The Rise and Fall of Elevator Music
Once upon a time, most public spaces, like hotel lobbies, shopping malls, airports, grocery stores, and elevators, all shared one thing in common: They sounded the same. Elevator music refers to the soft, instrumental music, typically performed with stringed instruments, that was once almost ever-present in public life. Conductors like James Last and Franck Pourcel and ensembles like the Mantovani Orchestra were responsible for creating a lot of the elevator music consumed in public spaces. It was called “elevator music” because it was played in so many elevators across the United States and all over the world. But it was also played in retail stores, over phone systems as hold music, and in various other public spaces. “Elevator music” is also used as a negative term to describe easy-listening music. Sometimes, this type of music is used to comic effect in movies or video games when scenes of great drama or action are intercut with soft elevator music. But this type of music has also annoyed plenty of people: Groups like Pipedown have even been formed to attempt to combat background music in public spaces.
The Creation of Elevator Music
Elisha Graves Otis sold his first hoist machine (what today is better known as the elevator) in 1853, but it would be decades more before riding in one had a soundtrack. Maj. Gen. George Owen Squier patented telephone signal multiplexing in 1910. Squier understood that his patent would eventually allow music to be played without the use of a radio, and he began testing this technology on Staten Island. His work would lead to the development of a service that could pipe music to businesses over wires, which he called Wired Radio. In 1934, he changed its name to Muzak. Soon, it would be so common to hear the soft strains of Muzak on elevators that the entire style of music would be known as elevator music.
The History of Elevator Music
The growing popularity of home radio sets during the end of the 1920s and early 1930s led Squier to focus on delivering music in public spaces. Warner Brothers bought Muzak in 1937 and began marketing the idea of elevator music to more cities. Soon, a businessman named William Benton acquired the company. He wanted to expand and get elevator music into spaces like doctors’ offices and hotel lobbies. This required a new approach to elevator music. Until this point, elevator music consisted of new music recorded by popular artists of the day. Now, though, Benton wanted the music to be the background to people’s everyday lives.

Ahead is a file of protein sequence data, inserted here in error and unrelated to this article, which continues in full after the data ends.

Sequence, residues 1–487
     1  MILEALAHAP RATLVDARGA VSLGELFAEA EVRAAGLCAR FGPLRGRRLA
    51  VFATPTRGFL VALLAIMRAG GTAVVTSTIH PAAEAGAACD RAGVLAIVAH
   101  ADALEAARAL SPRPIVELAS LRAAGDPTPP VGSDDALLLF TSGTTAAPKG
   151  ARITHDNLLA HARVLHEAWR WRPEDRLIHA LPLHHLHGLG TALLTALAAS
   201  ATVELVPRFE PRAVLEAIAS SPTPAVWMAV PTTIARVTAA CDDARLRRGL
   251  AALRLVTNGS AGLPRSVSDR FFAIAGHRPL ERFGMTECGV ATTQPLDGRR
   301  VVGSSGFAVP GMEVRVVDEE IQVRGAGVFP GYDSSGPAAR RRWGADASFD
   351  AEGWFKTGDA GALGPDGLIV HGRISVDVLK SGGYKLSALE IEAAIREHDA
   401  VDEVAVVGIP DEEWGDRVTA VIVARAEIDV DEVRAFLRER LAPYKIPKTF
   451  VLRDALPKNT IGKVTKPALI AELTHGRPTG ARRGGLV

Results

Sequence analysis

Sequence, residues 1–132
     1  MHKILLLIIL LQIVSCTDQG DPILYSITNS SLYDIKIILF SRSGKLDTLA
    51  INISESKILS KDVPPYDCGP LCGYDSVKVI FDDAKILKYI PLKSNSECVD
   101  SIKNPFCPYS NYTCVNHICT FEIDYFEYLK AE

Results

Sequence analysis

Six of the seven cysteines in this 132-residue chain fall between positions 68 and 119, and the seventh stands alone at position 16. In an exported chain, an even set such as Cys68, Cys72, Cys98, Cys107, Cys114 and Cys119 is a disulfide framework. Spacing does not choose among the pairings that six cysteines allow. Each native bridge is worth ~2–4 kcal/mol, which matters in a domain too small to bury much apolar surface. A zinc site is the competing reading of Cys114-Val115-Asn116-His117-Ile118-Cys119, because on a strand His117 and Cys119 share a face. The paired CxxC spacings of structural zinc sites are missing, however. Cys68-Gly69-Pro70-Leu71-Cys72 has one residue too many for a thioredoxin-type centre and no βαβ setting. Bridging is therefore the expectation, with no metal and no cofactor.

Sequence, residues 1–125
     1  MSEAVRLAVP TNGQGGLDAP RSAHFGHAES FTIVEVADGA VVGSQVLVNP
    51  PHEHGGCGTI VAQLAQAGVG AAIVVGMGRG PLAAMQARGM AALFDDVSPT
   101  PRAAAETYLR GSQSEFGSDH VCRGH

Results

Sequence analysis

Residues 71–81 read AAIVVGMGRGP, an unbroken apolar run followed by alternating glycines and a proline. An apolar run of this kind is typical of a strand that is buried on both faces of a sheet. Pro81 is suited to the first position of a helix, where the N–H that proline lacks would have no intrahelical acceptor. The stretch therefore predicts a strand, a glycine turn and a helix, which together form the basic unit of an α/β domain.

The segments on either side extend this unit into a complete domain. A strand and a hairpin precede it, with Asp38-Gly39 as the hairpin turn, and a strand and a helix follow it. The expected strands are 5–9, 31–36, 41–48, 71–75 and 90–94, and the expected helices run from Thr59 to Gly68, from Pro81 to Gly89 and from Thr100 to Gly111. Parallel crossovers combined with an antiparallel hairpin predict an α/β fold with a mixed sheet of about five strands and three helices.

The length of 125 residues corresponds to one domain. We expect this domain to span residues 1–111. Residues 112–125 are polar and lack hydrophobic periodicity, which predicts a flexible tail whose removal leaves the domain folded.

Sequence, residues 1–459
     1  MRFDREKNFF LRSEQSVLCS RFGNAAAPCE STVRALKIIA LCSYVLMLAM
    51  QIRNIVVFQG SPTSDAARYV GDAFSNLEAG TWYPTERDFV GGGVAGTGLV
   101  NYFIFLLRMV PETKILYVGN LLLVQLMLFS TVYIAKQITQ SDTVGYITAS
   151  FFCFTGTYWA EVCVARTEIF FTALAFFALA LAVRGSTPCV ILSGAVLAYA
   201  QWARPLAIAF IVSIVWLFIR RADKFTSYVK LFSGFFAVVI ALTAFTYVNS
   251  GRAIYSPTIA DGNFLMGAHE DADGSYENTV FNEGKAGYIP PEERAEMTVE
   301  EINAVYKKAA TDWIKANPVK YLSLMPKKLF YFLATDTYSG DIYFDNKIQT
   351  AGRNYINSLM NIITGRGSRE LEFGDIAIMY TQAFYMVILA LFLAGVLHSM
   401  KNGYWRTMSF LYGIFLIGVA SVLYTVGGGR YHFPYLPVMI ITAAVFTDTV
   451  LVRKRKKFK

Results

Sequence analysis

By 1950, Muzak had embraced the idea of stimulus progression, a technique that divided music into 15-minute blocks that started slowly and then gradually grew louder and faster. This approach was used to prompt workers to work faster. The 15-minute blocks were separated by 15-minute blocks of silence, which kept workers from tuning out the music over time. In order to maintain strict control over the music, Muzak began paying certain conductors and orchestras to create music according to their very specific rules. Although the public knew that elevator music was being used to manipulate worker and customer behavior, it continued to grow in popularity. Eisenhower was the first president to play elevator music in the White House. NASA also played it during space missions as a way to soothe the astronauts.
During the 1960s, musical tastes began to change, and Muzak attempted to change elevator music to adapt. Competitors emerged that focused on foreground music and included vocals. Eventually, Muzak would merge with one of these newer companies, Yesco, in 1986. However, elevator music remained popular in countries like Japan even as Americans grew less happy with the sound.
The End of Elevator Music
During the 1990s, corporations started focusing on foreground music. Foreground music consisted of playlists for public spaces that were filled with popular songs instead of instrumental covers. A change in the field of industrial and organizational psychology also helped to end the era of elevator music, which had playlists designed according to the ideals of stimulus progression. Instead, the theory of quantum modulation, which prioritized setting and maintaining a certain mood over productivity, became wildly accepted. By 2006, the company only had one classic elevator music playlist available to purchase. Muzak finally had to file for bankruptcy in 2009. Mood Media purchased the remains of the company in 2010 but chose to rename the company in 2013. Elevator music finally fell silent.